A key factor in your success regarding how to plant a banana tree is where it is planted. The growing spot should be in full to partial sun, as banana trees require at least six to eight hours of sunlight per day. The less sunlight, the smaller yield of fruit the tree will produce.
Banana trees love water, but not too much. To avoid the banana plant rotting, choose an area that has good drainage and won’t sit in water.
Banana trees also love humidity. If your climate tends to lean toward hot, humid summers, your banana trees will thrive happily because they are actually tropical plants.
2 Source a Banana Tree
Once you’ve settled on a proper growing site, it’s time to find your banana tree! Do your research to see what variety will thrive in your growing zone. Banana trees are widely sold online, where you can be selective about the variety you want. You can buy a Grand Nain Banana online.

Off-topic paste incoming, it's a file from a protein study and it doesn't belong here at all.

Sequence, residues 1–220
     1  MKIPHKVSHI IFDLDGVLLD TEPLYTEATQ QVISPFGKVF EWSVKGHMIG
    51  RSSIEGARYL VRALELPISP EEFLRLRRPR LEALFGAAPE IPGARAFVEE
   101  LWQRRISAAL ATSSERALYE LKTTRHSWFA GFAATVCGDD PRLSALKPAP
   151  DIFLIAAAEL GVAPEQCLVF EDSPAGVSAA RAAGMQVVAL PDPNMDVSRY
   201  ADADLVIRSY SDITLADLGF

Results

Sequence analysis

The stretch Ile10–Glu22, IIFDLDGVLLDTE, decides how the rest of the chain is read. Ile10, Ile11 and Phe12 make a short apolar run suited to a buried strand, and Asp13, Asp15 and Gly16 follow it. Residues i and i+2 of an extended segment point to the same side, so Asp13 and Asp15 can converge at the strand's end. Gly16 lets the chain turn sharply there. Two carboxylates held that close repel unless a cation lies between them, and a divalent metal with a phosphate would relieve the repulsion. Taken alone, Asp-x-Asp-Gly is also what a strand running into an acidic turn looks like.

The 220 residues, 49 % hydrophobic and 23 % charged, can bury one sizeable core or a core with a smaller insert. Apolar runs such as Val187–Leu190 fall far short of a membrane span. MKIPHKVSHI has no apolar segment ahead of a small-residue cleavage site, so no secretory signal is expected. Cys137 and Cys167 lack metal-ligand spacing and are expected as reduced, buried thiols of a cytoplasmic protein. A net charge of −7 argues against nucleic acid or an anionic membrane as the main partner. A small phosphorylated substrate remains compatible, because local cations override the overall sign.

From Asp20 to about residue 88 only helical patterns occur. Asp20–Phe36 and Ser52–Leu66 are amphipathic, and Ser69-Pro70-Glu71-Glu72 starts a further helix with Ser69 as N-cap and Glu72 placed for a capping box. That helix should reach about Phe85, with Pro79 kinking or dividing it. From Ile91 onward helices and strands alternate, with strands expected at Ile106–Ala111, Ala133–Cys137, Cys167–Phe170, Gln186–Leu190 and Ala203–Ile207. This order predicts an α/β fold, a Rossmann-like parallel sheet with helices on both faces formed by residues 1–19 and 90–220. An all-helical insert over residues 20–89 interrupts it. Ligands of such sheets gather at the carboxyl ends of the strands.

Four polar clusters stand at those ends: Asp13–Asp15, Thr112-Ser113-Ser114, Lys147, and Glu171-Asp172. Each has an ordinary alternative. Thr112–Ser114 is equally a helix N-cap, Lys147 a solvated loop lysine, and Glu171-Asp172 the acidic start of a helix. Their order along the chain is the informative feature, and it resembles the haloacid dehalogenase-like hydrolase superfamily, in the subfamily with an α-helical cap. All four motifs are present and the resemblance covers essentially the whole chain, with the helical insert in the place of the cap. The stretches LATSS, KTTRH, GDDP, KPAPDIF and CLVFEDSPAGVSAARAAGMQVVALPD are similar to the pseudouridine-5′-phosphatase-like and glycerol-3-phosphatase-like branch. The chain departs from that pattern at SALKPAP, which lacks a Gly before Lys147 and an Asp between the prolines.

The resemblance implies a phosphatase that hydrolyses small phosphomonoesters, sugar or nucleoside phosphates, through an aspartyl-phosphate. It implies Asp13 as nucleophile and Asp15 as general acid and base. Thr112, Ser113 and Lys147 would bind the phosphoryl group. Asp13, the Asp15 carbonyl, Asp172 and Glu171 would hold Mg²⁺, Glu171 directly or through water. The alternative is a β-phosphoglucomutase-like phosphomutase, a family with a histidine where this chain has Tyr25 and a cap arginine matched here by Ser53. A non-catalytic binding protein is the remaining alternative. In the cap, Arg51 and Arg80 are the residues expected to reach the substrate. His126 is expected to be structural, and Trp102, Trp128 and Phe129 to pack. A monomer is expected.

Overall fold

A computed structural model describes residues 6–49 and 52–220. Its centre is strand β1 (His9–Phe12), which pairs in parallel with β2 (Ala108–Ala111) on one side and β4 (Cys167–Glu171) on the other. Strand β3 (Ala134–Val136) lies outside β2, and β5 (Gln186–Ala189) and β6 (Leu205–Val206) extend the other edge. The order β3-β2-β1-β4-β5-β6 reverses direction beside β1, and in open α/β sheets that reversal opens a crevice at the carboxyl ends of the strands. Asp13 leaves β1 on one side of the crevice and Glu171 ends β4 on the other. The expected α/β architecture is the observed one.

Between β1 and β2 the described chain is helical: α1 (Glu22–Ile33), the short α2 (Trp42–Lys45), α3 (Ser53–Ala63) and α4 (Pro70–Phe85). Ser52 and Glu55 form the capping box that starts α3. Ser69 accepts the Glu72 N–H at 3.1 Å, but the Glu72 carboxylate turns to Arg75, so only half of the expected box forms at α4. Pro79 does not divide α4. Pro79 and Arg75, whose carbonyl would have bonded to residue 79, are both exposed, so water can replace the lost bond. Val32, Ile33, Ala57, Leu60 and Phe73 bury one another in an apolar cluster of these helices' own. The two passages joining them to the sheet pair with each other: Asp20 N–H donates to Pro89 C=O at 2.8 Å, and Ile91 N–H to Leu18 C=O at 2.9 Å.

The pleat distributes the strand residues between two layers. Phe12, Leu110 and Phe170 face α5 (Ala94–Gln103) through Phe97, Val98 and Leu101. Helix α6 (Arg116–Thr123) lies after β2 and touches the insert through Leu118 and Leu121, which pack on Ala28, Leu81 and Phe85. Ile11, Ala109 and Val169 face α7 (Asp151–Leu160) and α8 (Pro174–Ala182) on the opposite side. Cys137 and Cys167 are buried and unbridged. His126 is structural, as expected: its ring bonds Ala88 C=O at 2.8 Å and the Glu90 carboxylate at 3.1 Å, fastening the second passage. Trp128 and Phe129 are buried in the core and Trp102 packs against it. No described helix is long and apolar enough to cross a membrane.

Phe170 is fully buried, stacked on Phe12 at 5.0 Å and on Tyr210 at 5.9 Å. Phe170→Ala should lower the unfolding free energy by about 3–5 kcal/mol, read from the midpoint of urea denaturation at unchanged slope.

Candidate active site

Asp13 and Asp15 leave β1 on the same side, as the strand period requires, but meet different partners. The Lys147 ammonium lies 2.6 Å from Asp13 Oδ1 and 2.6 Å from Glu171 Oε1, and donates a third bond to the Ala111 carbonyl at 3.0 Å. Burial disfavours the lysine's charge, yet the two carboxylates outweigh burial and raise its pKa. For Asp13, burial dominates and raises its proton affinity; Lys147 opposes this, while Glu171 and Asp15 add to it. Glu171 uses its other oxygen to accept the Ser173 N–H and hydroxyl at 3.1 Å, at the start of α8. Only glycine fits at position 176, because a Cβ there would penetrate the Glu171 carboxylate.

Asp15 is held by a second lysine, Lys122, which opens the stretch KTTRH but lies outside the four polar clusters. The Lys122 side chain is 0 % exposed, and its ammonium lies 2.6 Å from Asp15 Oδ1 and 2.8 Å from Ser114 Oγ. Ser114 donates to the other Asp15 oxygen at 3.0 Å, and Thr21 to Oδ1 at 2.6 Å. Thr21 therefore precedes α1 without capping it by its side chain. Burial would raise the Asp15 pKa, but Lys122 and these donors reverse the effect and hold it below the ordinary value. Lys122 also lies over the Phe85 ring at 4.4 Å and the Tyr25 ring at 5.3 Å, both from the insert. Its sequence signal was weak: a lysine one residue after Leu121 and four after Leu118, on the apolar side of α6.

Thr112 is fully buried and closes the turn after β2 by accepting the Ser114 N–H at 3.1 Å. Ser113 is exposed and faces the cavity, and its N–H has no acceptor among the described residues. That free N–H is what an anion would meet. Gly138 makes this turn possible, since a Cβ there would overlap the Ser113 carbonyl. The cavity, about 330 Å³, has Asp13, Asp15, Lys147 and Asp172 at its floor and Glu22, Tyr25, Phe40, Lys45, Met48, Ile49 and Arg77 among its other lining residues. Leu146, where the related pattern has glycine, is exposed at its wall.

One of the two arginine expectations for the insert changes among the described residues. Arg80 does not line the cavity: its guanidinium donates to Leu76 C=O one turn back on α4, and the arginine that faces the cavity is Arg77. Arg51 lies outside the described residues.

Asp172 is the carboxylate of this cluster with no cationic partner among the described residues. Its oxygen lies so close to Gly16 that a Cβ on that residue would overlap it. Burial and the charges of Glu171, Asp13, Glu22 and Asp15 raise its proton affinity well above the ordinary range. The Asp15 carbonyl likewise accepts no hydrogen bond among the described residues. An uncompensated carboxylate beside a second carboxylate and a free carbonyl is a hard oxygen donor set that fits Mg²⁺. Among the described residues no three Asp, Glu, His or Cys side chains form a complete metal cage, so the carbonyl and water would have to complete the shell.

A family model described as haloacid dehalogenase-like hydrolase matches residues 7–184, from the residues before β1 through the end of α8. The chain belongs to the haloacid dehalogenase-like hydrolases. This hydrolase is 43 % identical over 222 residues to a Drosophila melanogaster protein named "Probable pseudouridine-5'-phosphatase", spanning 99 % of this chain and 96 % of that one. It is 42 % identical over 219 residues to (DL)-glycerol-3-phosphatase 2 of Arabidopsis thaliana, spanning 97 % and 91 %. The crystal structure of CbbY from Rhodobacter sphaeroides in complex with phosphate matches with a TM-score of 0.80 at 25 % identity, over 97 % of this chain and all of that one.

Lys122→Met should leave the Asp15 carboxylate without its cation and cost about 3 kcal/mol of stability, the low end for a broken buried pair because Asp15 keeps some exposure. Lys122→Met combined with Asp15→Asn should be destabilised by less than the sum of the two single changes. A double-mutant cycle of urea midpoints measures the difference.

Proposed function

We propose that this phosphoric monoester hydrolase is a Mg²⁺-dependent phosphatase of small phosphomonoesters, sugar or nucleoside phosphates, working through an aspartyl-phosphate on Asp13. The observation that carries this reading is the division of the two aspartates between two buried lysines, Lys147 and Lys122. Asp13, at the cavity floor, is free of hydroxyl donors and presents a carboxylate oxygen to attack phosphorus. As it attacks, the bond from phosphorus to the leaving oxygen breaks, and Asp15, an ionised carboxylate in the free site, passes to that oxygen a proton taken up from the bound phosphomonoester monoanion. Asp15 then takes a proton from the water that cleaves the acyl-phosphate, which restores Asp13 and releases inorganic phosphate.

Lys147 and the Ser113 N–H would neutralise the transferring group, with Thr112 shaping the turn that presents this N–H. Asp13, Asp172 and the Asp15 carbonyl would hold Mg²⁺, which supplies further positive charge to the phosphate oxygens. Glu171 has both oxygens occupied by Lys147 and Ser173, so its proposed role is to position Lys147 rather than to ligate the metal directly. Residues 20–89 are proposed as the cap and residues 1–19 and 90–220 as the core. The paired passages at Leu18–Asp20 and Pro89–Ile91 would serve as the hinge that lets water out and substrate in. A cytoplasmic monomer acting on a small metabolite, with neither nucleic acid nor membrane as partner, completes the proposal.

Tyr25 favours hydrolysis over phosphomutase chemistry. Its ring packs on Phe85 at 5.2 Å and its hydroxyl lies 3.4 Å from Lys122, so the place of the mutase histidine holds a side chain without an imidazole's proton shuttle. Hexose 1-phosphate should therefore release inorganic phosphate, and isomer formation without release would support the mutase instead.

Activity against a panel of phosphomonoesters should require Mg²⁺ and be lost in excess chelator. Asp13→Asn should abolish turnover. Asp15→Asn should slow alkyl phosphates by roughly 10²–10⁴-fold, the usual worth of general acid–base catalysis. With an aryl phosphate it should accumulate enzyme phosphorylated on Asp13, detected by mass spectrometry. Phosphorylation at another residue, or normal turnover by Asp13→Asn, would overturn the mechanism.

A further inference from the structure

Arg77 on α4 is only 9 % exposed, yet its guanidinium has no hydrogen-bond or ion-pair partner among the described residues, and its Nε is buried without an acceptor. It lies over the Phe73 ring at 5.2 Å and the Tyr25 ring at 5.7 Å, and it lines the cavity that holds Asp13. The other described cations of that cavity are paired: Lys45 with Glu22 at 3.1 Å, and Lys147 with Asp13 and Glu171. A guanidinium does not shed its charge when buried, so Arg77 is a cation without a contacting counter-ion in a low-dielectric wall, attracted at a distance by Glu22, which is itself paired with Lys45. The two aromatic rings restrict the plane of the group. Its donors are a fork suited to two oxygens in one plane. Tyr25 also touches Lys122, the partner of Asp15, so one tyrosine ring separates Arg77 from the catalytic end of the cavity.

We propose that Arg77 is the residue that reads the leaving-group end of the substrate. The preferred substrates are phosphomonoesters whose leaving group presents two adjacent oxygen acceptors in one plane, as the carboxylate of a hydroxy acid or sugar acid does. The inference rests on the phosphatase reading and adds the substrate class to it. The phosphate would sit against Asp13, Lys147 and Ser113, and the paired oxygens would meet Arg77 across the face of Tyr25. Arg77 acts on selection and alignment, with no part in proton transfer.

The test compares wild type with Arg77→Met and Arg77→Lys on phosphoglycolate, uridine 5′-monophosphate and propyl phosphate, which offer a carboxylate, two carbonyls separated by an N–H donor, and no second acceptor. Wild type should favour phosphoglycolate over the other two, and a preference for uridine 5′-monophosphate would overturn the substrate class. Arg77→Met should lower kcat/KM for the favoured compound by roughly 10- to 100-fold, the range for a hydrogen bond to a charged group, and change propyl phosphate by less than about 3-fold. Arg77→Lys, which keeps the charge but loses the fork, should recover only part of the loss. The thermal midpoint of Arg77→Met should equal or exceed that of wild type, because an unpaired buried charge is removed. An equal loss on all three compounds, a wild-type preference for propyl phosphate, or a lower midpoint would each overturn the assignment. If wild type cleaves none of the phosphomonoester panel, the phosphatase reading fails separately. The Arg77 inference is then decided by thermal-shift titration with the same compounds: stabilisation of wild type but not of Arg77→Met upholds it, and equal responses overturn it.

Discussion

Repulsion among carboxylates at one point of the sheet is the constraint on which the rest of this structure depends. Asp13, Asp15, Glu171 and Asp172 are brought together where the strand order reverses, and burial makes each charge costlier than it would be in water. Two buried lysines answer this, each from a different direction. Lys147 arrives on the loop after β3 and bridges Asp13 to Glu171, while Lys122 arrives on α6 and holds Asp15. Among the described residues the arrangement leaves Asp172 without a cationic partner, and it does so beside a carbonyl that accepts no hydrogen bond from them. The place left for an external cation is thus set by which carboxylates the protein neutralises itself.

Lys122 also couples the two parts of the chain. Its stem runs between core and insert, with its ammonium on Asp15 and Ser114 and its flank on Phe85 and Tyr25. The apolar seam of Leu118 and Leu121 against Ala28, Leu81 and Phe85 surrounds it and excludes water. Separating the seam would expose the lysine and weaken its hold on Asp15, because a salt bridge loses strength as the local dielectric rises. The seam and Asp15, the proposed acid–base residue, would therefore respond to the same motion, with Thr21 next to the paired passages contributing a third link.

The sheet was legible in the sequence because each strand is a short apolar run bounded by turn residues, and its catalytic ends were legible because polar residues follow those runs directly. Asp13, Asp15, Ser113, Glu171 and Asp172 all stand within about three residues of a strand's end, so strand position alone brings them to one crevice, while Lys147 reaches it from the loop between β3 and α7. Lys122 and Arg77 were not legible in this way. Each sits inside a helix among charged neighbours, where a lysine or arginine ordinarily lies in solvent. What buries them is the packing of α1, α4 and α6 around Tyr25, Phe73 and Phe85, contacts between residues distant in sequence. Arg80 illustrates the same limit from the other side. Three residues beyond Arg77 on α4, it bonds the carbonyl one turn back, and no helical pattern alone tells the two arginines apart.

If you prefer to buy locally, you can find potted banana trees at some plant nurseries and garden centers. Banana trees grow in clumps, so you could also find a banana owner near you who is willing to divide their banana tree. If you don’t know anyone, search for online gardening groups that are specific to your area. This is a great, cost-friendly way to get a banana tree.
3 Trim the Banana Tree
Once you have your banana tree, you’ll need to prune away the old leaves if that hasn’t already been done. Banana trees need to be pruned and planted in early springtime. If you prune after spring, you’ll risk removing new growth that will produce fruit in the upcoming year.
Using a knife or pruning shears, remove any leaves toward the bottom of the tree. Leave three or four healthy leaves at the top of the tree. Depending on the maturity of the banana tree you purchased, it may not have three or four good leaves, which is fine. Just make sure to leave the healthiest leaves, and remove any excess leaves near the roots.